EBTC Volunteer of the Year

I found out this week that I was honoured with the Edmonton Bicycle and Touring Club‘s (EBTC) volunteer of the year for 2016. I would have found out eight weeks sooner had I read the email from the club president a bit more carefully.  Setting aside the dangerous of skimming emails, I thought I would take a moment to think about the bike club and how it has master the art of promoting its volunteers and also its mandate of hope.

A Club Sans Drama

It may be that I am blissfully shielded from such matters as a worker-bee-volunteer, but the EBTC is blessed with a lack of petty-drama.  That is small people making big deals out of inconsequential matters of little interest to anyone but themselves.  I have been in enough volunteer organizations to know how much of a blessing this is.  Nothing kills the volunteer spirit faster than inconsequential bickering.

Purpose, Affiliation and Experience – the Currencies of a Volunteer Experience

Next the club has nailed the three critical ways to pay volunteers: Purpose, Affiliation and Experience.  I described these in an earlier blog on volunteering – which funny enough was inspired by going to an EBTC brunch in 2013.

  • Purpose: This may seem easy but even for a club seemingly focused on one thing, cycling, it has its perils.  Does cycling mean racing, touring (supported or unsupported), the Tour de l’Alberta, training, mentoring, etc.  While never perfect, the club has reasonably been as many things to as many cyclists as possible without diluting or killing itself.
  • Affiliation: This is sense of belonging that starts with a purpose but requires people who fundamentally like each other enough to hang out.  Having a low-drama-quotient helps but implicit and explicit cultural rules are also is critical.  The club has managed to gently nudge would-be-drama-queens out the door while guiding others toward correct behaviour.
  • Experience: Finally the easiest one, experience.  hundreds of individual rides over a wide span of abilities is the foundation for the success of the club.  As important, members have opportunities to improve their riding skills through these events.

Hope – the Clubs Main Product

The merits described above are because of strong cultural traditions and an even stronger executive and a good ‘product‘:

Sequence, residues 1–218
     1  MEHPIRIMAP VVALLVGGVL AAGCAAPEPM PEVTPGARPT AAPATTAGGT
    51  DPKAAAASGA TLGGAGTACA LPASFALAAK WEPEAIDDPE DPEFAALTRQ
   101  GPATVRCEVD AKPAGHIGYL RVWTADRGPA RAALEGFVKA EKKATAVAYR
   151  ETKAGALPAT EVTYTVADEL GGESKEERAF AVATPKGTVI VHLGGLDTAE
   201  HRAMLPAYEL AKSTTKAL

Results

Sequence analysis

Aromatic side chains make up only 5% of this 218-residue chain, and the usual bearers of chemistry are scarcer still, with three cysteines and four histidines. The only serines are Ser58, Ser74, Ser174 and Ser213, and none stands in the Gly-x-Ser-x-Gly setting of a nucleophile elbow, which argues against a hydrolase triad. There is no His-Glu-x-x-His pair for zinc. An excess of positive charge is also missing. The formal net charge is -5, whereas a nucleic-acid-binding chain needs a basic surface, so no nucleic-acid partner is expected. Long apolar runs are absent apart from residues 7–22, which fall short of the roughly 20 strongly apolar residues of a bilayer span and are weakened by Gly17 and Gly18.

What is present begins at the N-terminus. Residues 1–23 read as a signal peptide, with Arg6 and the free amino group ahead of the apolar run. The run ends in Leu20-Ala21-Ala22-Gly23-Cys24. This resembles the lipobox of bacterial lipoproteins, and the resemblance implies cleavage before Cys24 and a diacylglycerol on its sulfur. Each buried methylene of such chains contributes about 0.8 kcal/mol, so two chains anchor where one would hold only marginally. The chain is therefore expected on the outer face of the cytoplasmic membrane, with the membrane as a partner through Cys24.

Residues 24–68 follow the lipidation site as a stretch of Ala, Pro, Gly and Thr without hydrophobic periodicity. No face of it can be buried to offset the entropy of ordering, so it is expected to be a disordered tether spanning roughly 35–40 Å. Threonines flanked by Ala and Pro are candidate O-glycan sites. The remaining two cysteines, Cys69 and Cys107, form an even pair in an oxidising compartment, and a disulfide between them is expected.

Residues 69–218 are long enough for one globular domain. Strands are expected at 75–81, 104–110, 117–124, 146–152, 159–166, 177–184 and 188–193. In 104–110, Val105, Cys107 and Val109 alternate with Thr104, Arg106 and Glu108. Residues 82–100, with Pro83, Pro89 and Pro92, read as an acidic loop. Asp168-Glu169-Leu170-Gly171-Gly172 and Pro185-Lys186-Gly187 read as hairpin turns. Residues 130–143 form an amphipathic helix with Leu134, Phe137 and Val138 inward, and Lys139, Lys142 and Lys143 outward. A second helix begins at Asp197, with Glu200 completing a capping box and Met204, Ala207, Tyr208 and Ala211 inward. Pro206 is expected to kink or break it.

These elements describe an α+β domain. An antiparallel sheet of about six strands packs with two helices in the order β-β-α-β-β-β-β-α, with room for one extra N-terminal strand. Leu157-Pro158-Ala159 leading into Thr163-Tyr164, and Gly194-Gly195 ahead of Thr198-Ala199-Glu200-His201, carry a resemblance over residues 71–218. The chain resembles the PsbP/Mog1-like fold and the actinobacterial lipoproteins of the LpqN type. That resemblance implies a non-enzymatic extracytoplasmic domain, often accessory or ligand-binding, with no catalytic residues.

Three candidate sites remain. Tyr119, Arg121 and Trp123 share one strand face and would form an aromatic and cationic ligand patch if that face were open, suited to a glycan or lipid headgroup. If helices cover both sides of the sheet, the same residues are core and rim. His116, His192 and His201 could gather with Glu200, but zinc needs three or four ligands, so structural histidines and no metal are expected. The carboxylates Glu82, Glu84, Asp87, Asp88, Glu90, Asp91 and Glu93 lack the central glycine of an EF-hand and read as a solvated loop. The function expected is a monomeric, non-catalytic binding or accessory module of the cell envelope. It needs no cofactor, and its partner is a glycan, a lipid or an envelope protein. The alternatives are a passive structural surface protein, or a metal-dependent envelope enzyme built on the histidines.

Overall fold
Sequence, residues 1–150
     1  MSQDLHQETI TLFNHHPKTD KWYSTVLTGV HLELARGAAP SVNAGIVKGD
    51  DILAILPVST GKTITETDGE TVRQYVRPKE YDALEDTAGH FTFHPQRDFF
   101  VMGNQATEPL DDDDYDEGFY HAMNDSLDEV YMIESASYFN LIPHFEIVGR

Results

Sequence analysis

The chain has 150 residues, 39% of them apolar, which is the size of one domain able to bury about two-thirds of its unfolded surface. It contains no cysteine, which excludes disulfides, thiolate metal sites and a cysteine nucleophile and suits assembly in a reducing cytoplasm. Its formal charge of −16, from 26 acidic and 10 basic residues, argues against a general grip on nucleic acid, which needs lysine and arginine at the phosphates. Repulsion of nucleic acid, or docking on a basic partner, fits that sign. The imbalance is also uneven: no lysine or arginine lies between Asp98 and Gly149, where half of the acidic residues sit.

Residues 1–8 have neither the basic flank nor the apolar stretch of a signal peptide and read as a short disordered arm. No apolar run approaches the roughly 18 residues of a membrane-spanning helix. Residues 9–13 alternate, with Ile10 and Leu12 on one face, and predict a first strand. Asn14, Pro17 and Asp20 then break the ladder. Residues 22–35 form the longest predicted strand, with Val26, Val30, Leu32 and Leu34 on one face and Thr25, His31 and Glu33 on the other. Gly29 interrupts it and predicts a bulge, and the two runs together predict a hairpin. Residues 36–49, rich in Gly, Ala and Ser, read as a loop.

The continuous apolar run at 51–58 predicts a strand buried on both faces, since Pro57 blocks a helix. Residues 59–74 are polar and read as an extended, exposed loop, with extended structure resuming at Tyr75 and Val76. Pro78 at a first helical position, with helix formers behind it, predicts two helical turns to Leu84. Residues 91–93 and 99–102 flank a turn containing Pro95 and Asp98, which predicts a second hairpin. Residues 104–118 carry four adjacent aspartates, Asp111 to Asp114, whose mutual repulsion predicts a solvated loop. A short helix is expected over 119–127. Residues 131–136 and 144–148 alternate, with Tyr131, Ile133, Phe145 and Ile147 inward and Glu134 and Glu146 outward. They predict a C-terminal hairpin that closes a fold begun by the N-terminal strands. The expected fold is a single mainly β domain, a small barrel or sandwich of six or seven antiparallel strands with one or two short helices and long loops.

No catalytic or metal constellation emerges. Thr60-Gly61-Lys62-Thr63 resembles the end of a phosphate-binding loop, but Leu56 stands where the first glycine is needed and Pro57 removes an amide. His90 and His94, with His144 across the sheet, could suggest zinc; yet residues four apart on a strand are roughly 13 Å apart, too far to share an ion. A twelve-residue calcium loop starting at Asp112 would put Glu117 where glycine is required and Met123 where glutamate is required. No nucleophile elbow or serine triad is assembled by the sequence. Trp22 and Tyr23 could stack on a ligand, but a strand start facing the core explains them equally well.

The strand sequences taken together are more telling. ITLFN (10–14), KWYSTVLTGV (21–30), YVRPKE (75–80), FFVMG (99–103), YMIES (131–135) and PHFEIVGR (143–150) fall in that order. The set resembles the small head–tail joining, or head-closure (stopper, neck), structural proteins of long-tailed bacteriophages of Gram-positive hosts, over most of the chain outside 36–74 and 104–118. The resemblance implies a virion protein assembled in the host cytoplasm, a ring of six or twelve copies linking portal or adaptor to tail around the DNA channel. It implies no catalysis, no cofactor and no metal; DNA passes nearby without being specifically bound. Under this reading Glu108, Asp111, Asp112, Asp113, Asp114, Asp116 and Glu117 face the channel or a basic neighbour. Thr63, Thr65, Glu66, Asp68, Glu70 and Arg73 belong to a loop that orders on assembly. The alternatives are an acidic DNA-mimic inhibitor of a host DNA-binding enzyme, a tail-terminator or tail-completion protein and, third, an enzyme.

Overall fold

The Edmonton Bicycle and Touring Club (EBTC) is a recreational not-for-profit volunteer-run group dedicated to facilitate its members to cooperatively run bicycling trips during the spring, summer and fall, cross-country skiing trips in the winter, and social events all year round. 

However, these are all based on a more profound product which is also germane to most volunteer organizations: HOPE.  Hope is when a strong rider wants to maintain or improve their skills. It may be an out of shape rider hoping to find her activity or a family seeking an activity sans phones and distractions.

EBTC and Spreading Hope to a Larger Community

The club is doing a great job at its core functions and with its current members.  Nevertheless, the following is a list of possible challenges for EBTC to take on to become not only a better club but also contribute to a better member of the YEG-community.  The risk, of course, of taking these on is that the club may drift from its core mandate.  The benefit of considering these (or other ideas) is that the club improves the purpose, affiliation and/or experiences EBTC can provide to its members.

  1. Family Centric Riding: Currently the club focuses on adult ridership.  While this makes sense from a logistical, risk and legal perspective – it does mean that the club relies of chance to cultivate new memberships rather than a pipeline that promotes from within.  Children are dangerous creatures for volunteer organizations but this may be where partnership with existing organizations (learn to ride, Scouting, etc.) may be easier than building EBTC’s own program.
  2. Lower-income Riding: how can the club help families and solo riders who can ill forward groceries let alone a good bike?  One method would be to encourage low cost bike maintainance or facilitating the sale or loan of bikes from members.
  3. Sharing the Land Riding: how can the club attract members of the first nation communities?  Rolling across a quiet road has some parallels to what a person may have experienced in times past.

Good Intentions and Execution

The above are food for thought and the only good idea is the executed idea.  This is where the club volunteers come in and once again I was honoured to be selected by my peers.  Hopefully time, energy, circumstances and good fortune will continue to allow me to volunteer.